Amongst the collection is the programme for the Southbank Exhibition, part of the Festival of Britain, held in 1951. This extensive festival encompassed exhibitions relating to a great variety of themes, including Britain’s landscape, architecture, art, photography, industry and science. What better way to signal an optimistic look forward for a post-war Britain, having suffered years of austerity, than a celebration of all things British?

The pamphlet commences with the grand statement ‘all through the summer, and all through the land, [the Festival’s] spirit will be finding expression in a variety of British sights and a great range of British sounds.’ (p6)

South Bank Exhibition; A Guide to the Story It Tells, BADDA2594, Museum of Domestic Design and Architecture

The Festival of Britain programme and associated materials are particularly relevant to MoDA. Firstly, MoDA holds the archive of mid-century designer Charles Hasler (1908-1992) who was chairman of the Typographical Panel for the Festival. A great deal of attention was paid to the visual identity of the exhibition to celebrate advancements in contemporary graphic design. Hasler was also involved in the production of what we would now call branding guidelines for the use of logos, colours and fonts. The colour scheme of blue, red and white further contributed to the desire to re-construct National identity for Britain.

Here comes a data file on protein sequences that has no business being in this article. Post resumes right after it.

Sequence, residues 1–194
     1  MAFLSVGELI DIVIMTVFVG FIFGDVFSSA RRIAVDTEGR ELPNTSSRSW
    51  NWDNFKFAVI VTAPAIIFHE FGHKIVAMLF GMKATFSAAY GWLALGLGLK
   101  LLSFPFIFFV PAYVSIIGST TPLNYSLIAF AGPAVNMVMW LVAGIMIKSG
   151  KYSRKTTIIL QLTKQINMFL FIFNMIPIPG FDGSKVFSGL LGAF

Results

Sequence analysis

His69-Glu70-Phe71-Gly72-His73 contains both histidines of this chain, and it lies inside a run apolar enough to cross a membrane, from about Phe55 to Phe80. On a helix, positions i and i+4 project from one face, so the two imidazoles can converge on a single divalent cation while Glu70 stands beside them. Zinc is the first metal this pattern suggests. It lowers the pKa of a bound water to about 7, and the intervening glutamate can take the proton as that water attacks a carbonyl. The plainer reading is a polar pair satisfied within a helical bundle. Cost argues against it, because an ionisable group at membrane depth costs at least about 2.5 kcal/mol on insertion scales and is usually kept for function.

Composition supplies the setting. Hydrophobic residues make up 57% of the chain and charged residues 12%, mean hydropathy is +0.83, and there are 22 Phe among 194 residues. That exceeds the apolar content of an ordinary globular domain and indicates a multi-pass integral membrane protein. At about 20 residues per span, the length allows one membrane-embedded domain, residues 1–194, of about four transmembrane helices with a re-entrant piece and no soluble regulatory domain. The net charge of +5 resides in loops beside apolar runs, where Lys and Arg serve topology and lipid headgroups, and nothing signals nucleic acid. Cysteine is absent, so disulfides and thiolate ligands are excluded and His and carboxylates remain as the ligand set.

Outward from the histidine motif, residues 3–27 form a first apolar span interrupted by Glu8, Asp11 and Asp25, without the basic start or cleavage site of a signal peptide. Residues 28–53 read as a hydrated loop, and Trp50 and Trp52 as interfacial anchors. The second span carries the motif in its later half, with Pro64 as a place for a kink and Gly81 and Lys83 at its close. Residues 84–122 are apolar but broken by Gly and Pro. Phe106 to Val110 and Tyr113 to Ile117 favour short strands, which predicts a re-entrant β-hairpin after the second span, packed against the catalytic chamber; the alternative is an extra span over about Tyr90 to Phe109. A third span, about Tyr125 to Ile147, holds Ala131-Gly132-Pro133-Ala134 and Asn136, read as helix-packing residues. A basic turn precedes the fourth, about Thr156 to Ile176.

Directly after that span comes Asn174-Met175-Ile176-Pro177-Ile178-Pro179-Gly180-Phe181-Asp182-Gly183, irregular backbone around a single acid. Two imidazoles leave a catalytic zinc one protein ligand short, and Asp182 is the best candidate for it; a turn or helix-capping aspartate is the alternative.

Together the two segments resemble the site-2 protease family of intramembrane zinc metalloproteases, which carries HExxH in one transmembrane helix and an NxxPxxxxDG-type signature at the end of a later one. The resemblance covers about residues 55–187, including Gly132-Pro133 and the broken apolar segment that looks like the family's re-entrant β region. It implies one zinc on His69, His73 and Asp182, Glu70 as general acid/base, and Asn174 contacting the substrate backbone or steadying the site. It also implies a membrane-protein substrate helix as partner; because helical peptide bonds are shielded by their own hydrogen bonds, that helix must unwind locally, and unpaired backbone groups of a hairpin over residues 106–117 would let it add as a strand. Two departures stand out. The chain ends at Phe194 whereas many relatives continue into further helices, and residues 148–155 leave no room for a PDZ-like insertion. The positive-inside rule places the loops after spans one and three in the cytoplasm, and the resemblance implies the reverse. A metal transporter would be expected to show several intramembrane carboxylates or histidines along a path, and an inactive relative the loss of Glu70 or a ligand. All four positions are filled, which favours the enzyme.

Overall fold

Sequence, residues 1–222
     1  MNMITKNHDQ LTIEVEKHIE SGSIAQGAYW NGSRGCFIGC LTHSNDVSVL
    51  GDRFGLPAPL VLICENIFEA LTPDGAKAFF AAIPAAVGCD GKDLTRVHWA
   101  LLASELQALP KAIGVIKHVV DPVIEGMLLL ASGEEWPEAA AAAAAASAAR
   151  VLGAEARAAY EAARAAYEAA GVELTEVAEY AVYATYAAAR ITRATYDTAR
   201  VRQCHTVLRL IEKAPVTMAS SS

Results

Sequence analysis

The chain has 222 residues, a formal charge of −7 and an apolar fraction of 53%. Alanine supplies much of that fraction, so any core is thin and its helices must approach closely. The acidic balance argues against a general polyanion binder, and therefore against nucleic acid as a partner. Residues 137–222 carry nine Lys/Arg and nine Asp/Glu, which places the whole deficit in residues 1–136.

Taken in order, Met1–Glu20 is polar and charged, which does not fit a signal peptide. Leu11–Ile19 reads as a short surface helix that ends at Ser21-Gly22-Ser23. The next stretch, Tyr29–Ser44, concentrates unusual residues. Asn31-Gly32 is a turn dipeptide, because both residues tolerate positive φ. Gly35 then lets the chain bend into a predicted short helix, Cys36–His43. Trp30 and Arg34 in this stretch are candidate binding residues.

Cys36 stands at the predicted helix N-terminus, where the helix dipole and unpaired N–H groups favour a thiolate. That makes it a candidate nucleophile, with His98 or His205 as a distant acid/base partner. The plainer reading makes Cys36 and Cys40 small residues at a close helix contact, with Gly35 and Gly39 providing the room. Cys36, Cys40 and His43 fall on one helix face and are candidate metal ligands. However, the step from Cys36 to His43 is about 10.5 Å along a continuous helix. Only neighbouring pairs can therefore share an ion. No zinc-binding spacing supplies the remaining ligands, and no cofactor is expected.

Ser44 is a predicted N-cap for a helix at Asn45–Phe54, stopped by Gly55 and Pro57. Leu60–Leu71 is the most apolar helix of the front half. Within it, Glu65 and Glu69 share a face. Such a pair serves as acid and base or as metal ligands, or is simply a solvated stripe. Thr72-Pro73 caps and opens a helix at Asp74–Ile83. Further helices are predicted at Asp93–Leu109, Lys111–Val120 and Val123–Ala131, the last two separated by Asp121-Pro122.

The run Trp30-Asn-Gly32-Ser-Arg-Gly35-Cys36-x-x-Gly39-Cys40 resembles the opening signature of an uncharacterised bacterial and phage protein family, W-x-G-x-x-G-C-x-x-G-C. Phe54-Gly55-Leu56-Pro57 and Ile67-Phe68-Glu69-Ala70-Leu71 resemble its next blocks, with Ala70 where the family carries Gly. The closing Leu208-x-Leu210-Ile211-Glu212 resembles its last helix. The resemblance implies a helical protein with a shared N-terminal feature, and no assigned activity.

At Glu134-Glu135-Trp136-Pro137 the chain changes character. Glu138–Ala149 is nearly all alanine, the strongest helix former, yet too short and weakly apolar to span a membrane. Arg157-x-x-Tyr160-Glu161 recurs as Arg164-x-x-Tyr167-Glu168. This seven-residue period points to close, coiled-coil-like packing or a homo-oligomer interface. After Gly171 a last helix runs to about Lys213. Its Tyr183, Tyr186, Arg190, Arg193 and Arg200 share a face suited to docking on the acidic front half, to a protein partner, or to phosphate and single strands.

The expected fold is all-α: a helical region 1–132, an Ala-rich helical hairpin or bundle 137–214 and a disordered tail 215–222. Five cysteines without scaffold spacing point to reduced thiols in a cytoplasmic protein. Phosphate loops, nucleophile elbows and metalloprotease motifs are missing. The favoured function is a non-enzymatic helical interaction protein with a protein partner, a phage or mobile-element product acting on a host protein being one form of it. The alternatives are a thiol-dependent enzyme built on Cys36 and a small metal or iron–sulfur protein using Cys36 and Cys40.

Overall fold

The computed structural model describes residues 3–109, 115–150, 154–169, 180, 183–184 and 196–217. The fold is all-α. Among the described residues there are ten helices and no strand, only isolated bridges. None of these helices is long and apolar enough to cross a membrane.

Photograph of Staff Designers at the Festival of Britain, 1951, CH/1/1/5, Museum of Domestic Design and Architecture. In the right foreground is Charles Hasler